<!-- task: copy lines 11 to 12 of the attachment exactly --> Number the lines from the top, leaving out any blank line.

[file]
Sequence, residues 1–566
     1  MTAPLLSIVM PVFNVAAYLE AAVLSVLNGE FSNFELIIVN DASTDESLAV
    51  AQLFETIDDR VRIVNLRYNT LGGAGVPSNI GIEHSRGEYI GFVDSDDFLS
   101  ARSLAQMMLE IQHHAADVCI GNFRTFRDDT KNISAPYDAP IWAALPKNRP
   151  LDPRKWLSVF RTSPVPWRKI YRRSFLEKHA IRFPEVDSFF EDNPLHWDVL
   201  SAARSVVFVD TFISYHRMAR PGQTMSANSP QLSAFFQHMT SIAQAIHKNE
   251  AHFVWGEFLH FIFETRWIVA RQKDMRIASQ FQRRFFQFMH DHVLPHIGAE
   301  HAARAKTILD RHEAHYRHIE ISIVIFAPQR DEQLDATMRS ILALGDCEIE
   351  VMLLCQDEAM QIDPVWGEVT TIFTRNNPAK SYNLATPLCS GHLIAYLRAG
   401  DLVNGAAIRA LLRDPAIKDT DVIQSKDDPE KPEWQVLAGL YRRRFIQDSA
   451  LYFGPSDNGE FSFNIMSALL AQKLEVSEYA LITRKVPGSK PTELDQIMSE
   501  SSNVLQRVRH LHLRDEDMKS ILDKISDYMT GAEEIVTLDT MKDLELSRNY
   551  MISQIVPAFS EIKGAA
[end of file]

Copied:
   451  LYFGPSDNGE FSFNIMSALL AQKLEVSEYA LITRKVPGSK PTELDQIMSE
   501  SSNVLQRVRH LHLRDEDMKS ILDKISDYMT GAEEIVTLDT MKDLELSRNY